The Society of Optimists

The next step down the rabbit hole, designed for those willing to devote some time to unlocking these secrets, starts with a mysterious ad for a booth at the Expo called Disney Cartography, run by a man named Wallace. You can find him on Twitter at @DCartography. The ad has a code on it and if you decided to go to Wallace’s booth and tell him the code, he would start talking about Walt’s vision of the future and a message he wants us to discover. At that point, you receive a map with one side showing some unrealized Disney projects (like Ray Bradbury’s Space Pavilion for EPCOT) and on the other, a very stylized map of Disneyland.

With a few additional instructions, you’re off – meeting other “Optimists” and decoding clues around the expo.

Some of these quests wind up being very cool – for instance, at one point, you discover a secret symbol that can only be revealed in black light (which you only discover by seeing the original painting of Disneyland — which actually shows what the park would look like at night under black light). Truthfully, at first I had little interest in wasting my time on a scavenger hunt, but at each point in the experience, mysterious strangers would appear to help out, or an Imagineer (wearing a strange Tomorrowland pin) would come up and take interest in what we were doing. These “characters” made you feel like you were part of something bigger and by the time we discovered our next stop was in Disneyland Park itself, we were basically running over as fast as we could to meet our “agent.”

The Disneyland leg of the experience required working with fellow “Optimists” as the puzzle could not be solved by one map alone. Imagine meeting a random stranger, realizing that we had to go to Esmerelda, the fortune teller on Main Street for our next clue and deciphering from her fortune that we needed somehow to sneak onto the Lily Belle – the custom furnished car Walt created for his wife. Once on board, more clues and mysterious messages led us to another agent, who finally snuck us into the Main Street Cinema.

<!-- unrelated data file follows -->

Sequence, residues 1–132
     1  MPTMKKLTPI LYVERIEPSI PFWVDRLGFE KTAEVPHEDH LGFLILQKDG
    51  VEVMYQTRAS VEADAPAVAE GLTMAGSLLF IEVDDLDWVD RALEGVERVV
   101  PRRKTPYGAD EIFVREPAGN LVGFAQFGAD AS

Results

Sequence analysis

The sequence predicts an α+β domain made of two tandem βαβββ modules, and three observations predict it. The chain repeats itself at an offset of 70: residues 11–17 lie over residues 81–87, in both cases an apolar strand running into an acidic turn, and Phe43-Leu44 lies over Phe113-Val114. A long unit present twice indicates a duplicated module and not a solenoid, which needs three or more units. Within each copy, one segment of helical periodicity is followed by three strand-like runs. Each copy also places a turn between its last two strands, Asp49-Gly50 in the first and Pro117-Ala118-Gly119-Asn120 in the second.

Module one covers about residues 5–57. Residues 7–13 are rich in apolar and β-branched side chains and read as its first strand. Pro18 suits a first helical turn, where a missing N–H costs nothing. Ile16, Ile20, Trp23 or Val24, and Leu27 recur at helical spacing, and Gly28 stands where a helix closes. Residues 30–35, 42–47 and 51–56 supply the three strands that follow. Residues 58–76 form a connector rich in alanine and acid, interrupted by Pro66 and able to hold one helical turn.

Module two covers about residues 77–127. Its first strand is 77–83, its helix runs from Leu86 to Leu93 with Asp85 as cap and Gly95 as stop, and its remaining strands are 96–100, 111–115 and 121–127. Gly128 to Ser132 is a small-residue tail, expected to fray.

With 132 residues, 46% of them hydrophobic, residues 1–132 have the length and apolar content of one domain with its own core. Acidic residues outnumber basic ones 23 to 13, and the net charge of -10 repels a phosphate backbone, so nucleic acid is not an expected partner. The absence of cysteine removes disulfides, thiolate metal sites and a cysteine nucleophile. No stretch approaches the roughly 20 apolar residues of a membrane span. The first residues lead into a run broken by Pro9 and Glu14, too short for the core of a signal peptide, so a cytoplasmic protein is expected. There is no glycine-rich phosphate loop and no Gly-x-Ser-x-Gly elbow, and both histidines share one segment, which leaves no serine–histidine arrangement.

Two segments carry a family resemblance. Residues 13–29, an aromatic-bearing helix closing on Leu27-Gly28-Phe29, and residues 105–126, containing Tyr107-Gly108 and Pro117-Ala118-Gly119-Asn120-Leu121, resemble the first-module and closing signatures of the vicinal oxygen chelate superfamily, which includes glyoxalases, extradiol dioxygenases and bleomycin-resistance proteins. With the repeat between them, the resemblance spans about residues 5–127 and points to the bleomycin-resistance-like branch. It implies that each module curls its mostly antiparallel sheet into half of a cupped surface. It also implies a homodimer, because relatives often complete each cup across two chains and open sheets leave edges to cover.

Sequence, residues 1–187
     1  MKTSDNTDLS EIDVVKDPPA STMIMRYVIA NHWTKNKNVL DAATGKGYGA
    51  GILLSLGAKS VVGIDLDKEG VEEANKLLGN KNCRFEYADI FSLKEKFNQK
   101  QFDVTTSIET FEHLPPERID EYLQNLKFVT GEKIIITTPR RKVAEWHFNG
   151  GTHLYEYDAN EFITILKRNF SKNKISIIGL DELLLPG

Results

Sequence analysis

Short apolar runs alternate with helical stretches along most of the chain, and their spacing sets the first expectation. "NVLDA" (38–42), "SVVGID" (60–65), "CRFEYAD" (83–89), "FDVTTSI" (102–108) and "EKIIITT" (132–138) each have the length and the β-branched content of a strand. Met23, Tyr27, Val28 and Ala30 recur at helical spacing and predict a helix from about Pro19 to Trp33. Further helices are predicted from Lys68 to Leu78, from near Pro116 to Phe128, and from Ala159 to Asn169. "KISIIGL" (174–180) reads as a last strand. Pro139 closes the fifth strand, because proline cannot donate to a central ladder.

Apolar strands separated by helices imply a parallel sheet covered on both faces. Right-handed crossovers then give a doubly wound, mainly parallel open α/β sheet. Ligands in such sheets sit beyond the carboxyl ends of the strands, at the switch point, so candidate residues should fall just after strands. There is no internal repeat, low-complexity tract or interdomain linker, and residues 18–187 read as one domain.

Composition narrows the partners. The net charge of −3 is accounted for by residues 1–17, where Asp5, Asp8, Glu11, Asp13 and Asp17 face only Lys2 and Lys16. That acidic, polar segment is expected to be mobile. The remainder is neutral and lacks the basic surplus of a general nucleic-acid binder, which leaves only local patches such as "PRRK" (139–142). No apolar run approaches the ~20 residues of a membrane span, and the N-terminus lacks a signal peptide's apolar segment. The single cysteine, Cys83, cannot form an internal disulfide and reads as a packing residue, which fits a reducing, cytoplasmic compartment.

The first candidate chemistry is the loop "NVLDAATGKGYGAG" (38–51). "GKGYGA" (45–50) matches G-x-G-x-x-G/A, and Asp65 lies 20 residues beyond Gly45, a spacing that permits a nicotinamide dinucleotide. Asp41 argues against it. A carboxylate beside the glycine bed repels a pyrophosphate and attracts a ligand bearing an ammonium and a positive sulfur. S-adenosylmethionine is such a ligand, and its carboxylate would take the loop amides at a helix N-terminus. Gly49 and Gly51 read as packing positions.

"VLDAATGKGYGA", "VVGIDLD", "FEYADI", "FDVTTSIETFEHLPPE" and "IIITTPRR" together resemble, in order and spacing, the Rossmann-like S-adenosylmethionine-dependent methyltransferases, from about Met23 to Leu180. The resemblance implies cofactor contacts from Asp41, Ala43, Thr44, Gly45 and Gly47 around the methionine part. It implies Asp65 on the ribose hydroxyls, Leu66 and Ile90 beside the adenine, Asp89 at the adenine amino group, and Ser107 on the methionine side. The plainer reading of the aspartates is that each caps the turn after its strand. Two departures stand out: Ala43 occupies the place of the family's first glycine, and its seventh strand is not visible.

The Optimist journey ends

With all the clues assembled, our new group of intrepid explorers “activated” the cinema, where the silent films flicked off and an inspiring video message from The Society of Optimists congratulated us for proving our worth — and welcoming us into its ranks as a member. Finally, a small softly-lit wooden platform arose holding the strange Tomorrowland pins we had seen all weekend – one for each of us.

For the hardcore – an online game began six weeks before the expo, taking people to Walt’s favorite haunts around L.A. to discover clues, while helping out a young filmmaker seeking out her grandfather’s past. I didn’t get to take part in this leg of the experience, but there’s a great write-up of it at Inside the Magic.

Building a Better Tomorrowland

I know, I know, a lot of this sounds uber-geeky, but in the moment, the spirit of discovery, adventure and the thrill of meeting new people along the way created a Disney experience like none other. It points towards a new kind of theme park entertainment and a new direction for the entertainment industry as a whole. While Universal has been kicking Mickey Mouse’s butt in recent years with their Harry Potter and Transformers attractions, it seems Disney is moving beyond the 3-4 minute “ride” and developing a new way for guests to live out fantasies and adventures.